The filling is then placed in increments, in its original soft consistency, which then a blue wavelength light is used to help the material harden.

With an indirect restoration, the dentist will prepare the tooth to retain the chosen base material. They will then record impressions of the teeth, which gives the dental technician information on how to customise the restoration to suit the patient. The custom made restoration is then sent back to the dentist, who will cement the final product in the patient’s mouth.
What is Tooth Extraction
Tooth extraction is the removal of a tooth from its socket in the bone. If a tooth has been broken or damaged by decay, your dentist will try to fix it with a filling, crown or other treatment. Occasionally, there has been too much damage to the tooth that it cannot be repaired. In this case, the tooth will need to be extracted. A very loose tooth also will require extraction if it cannot be saved, even with bone regeneration surgery (bone graft).
What are wisdom teeth?
Adults can have up to four wisdom teeth, two in the corners of the upper and lower jaw respectively. The wisdom teeth are the last to erupt into the oral cavity, usually between the age of 16 to early 20s. If they erupt into the correct alignment, they can be functional by helping with chewing.

However, there are times where the wisdom teeth do not erupt in the correct orientation due to space constraints. The result is a wisdom tooth that is trapped fully or partially within the jaw. There may also be instances where the impacted tooth is partially covered by the gum, which can trap food and accumulate bacteria.
Why do I need to remove my wisdom teeth?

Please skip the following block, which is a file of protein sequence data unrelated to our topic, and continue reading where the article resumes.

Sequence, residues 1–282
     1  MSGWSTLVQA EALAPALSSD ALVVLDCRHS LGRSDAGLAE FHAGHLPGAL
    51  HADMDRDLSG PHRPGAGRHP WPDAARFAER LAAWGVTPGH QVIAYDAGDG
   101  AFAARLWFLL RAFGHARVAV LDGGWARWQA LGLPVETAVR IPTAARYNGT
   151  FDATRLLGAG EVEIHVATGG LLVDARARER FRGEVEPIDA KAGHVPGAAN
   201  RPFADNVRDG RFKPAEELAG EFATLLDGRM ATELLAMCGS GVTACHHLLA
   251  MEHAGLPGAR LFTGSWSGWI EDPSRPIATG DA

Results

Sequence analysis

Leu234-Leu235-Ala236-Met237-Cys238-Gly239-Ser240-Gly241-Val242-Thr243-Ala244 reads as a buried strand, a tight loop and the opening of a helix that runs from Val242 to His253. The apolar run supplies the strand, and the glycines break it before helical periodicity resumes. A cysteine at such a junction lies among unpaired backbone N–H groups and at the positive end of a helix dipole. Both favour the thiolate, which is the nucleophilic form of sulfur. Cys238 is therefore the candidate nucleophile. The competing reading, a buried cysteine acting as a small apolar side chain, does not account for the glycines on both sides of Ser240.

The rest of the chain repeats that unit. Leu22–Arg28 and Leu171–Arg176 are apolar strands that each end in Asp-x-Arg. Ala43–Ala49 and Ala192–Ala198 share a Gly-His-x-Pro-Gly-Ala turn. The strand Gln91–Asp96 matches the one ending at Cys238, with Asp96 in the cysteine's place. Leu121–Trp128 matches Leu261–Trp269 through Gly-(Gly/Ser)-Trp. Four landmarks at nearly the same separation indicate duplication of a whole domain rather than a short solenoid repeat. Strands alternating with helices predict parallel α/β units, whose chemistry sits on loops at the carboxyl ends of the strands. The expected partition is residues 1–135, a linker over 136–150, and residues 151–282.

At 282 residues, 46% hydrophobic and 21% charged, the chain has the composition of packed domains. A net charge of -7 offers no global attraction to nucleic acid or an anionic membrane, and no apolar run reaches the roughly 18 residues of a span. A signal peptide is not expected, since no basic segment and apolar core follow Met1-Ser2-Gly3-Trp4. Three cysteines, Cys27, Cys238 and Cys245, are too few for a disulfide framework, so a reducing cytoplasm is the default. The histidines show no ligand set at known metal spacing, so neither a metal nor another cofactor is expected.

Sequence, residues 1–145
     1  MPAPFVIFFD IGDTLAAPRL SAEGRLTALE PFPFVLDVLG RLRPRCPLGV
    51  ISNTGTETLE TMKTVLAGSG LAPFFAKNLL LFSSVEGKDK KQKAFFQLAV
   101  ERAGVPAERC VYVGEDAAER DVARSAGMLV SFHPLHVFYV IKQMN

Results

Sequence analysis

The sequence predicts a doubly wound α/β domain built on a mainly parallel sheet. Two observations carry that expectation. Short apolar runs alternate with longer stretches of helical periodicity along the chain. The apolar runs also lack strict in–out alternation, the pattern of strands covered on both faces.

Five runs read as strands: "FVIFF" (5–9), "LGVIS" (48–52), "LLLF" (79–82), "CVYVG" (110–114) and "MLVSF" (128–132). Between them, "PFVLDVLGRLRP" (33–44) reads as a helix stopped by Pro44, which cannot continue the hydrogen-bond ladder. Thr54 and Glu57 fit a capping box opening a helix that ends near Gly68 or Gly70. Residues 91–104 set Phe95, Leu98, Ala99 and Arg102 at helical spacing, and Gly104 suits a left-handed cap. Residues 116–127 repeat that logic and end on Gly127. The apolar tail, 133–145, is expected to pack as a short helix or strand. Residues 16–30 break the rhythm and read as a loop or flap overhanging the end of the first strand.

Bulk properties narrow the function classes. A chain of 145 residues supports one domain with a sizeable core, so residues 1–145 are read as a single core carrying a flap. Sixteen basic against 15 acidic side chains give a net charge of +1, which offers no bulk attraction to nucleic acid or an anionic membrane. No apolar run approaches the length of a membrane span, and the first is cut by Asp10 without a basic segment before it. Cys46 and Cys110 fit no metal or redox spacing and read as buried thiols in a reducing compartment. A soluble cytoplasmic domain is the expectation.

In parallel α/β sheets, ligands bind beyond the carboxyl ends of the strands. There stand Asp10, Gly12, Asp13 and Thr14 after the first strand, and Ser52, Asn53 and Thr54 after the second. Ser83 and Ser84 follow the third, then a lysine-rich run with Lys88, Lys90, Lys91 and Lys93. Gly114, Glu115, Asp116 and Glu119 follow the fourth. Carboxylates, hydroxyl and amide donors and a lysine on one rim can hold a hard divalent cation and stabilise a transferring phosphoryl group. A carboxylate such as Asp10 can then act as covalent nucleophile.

Impacted wisdom teeth usually sit in an angled position, which could cause food traps between the wisdom tooth and the second molar in front of it. Constant food traps might increase the chances of decay forming, which could also affect the adjacent molar.
In cases where the wisdom tooth lies partially beneath the gum, the collection of food and bacteria, could lead to pain and swelling around the area. This can be managed with medication and cleaning, but in persistent cases, it may be advised to have the tooth surgically removed.
How is my wisdom teeth removed?
In order to remove the wisdom tooth, your dentist will first need a full mouth x-ray (i.e. the upper and lower jaws). This will help to determine the position of the wisdom tooth in question.

During the wisdom tooth surgery, local anesthetic will be administered to help make the procedure as painless and comfortable as possible.

After the procedure, you would need a few days to rest and recover. Your dentist will provide you with medication and antiseptic mouthwash to prevent pain and infection. In addition, you would be advised to follow a soft diet, and practice gentle cleaning on the surgical site. There will be an appointment scheduled a week later with your dentist, to review the extraction site.
What is Root Canal Treatment